The multitude of clubs raised awareness, answered questions, and persuaded students to join on Thursday at lunch. On Friday, many of them sold food in order to raise money for funding.
Community service-based clubs include National Honor Society, Make-A-Wish Club, and Key Club. Last year, NHS volunteered at the Blind Children's Learning Center, and will work with the organization Krochet Kids this year. The Make A Wish Club fundraises to grant wishes to children with life-threatening illnesses. Key Cub does an array of community service projects. "I like the experience of helping others, and it's good to get a lot of hours for college applications," said Emily Ly, Key Club member.
Many cultural clubs, like Asian Club, Pacific Islander Club, and Black Student Union were at Club Rush. Asian club, which sells the repeatedly crowd-pleasing Panda Express at Club Rush, stated that the money they make goes to the production of Asian Club T-shirts and their banquet at the end of the year. They also stated they were looking into donating some of the money as well.
EMA, or the Environmental Marine Academy Club is open to all students both in the academic class and to those who can't fit it into their schedules. The club recycles as well as promotes learning about the environment and taking care if it. EMA plans on taking many field trips throughout the year, including camping on the beach in Santa Barbara, Catalina Island in the Spring, and Costa Rica in the summer. The club is supported through a grant.
The Choir Club is made up of choir members who raise money in order to support the class and maintain the uniforms worn for concerts. The Madrigal Choir hopes to travel to New York to perform, and the club will assist in raising money if the plan goes through. They also plan on caroling during the holidays.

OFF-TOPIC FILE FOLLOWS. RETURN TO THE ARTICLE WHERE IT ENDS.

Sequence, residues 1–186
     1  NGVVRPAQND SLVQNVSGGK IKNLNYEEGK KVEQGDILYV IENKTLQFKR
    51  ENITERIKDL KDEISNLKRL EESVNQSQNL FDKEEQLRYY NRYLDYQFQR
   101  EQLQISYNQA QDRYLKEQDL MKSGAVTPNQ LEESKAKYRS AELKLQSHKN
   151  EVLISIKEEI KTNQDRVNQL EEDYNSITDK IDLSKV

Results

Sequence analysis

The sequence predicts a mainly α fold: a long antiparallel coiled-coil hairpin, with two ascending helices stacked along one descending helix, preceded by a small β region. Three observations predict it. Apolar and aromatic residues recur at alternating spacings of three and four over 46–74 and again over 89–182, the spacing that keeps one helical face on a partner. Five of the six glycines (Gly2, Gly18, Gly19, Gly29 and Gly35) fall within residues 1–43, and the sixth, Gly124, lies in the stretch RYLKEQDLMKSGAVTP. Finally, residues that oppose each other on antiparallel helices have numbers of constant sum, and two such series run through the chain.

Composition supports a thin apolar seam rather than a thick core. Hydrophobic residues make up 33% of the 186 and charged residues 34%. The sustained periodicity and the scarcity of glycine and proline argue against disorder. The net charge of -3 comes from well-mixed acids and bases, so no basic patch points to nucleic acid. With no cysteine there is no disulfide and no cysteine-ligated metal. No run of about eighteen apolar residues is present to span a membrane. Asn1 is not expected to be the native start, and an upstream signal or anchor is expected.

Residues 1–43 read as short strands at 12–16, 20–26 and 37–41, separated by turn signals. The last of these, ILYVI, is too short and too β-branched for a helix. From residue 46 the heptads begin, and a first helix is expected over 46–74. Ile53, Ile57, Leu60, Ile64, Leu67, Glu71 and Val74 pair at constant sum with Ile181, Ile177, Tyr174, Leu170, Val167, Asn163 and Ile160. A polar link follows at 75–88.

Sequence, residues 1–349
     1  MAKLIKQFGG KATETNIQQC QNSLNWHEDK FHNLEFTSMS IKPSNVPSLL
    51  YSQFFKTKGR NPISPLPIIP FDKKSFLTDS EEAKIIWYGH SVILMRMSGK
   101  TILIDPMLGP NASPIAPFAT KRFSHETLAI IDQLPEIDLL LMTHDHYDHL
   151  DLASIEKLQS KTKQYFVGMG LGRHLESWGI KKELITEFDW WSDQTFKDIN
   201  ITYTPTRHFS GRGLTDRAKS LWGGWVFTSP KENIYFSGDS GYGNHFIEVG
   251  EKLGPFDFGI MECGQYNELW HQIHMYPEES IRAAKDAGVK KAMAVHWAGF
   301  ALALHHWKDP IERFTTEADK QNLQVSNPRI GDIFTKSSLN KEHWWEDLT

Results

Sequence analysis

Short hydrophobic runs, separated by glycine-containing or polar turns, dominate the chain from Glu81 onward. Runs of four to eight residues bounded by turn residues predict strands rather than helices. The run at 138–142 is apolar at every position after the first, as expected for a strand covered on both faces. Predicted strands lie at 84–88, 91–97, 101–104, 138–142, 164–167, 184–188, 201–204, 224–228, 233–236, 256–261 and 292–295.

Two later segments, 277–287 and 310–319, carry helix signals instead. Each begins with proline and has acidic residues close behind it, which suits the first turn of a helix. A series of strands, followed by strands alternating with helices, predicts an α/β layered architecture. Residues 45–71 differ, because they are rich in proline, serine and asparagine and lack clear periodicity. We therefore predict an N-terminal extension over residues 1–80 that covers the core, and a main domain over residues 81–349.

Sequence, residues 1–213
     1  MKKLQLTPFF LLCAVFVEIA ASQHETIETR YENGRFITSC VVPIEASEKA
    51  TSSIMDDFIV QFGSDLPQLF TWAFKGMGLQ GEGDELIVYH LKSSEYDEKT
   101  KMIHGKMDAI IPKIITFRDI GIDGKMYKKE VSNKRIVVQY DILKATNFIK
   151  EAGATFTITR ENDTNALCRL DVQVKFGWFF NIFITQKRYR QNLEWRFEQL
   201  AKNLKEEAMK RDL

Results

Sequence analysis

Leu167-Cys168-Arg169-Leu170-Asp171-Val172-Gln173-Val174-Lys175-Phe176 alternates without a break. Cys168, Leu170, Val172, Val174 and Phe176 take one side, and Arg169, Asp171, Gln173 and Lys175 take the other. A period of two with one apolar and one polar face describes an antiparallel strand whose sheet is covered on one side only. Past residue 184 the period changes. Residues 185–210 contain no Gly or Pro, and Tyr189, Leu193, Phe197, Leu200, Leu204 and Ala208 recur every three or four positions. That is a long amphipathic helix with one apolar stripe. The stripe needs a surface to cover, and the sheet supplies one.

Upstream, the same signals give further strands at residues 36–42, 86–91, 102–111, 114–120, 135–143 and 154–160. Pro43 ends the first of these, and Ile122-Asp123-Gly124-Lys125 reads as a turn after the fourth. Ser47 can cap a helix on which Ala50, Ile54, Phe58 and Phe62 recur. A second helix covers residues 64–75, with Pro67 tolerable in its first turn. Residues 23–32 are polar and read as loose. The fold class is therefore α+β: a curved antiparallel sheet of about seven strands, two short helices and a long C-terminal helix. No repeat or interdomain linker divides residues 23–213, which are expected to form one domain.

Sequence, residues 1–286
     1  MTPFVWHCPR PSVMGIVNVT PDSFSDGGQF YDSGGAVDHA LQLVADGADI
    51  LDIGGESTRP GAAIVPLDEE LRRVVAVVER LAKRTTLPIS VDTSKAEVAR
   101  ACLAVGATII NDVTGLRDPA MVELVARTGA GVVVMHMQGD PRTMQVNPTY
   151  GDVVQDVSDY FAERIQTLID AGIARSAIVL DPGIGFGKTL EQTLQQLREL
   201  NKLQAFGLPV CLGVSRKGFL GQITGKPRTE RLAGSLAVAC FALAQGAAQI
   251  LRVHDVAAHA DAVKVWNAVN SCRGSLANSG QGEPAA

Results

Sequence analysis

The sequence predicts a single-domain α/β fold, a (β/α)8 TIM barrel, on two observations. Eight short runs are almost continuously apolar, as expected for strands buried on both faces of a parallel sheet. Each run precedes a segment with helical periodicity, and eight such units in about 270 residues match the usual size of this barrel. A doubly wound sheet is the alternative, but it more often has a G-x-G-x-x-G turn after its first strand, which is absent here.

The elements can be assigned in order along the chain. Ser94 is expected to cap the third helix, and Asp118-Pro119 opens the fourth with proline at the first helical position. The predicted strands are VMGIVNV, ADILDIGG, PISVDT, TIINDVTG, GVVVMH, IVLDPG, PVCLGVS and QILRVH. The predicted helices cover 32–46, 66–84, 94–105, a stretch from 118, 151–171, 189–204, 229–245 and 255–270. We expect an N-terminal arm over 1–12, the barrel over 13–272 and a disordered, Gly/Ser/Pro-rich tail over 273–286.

Among some of the newer clubs are Black Student Union, which was started last year, and Medical Academy, which was was founded this year by freshman Alyah Kanemoto for the purpose of exploring the medical field.
On Friday, many of these clubs sold food at lunch. However, the Varsity Club, which is for scholar athletes who are on Varsity teams and also have at least a 3.0 GPA took a different approach and let students "pie" Mr. Postiff or Dr. D'Agostino for $2.
Some clubs such as Latino Culture Club, Fellowship of Christian Athletes and Black Student Union didn't sell food on Friday due to the fact that they didn't turn in the required paperwork on time. Others, like EMA, said that they actually lose money by participating. On the other hand, the SNAC club, who promotes healthy eating, did not sell food on Friday because selling unhealthy food would contradict their goals.
While a large amount of students purchased food on Friday, the event raised some criticism as well. "I hate the lines," said Hayley Petersen, in reference to Asian Club's line. "They should have more than one booth." Melissa Folkerts also stated, "They should have multiple lines."
Recalling last year's skateboard ramp, handstand contests, and dance battles, sophomores Teresa Ford, Lauren Smith, and Hayley Petersen all agreed, "Last year was better."
Overall, however, the food was enjoyed by many students and the event was once again successful in terms of student involvement, and awareness of the many opportunities available on campus.
Photos By: Serena Ozonur
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Written By: Natalie Tetreault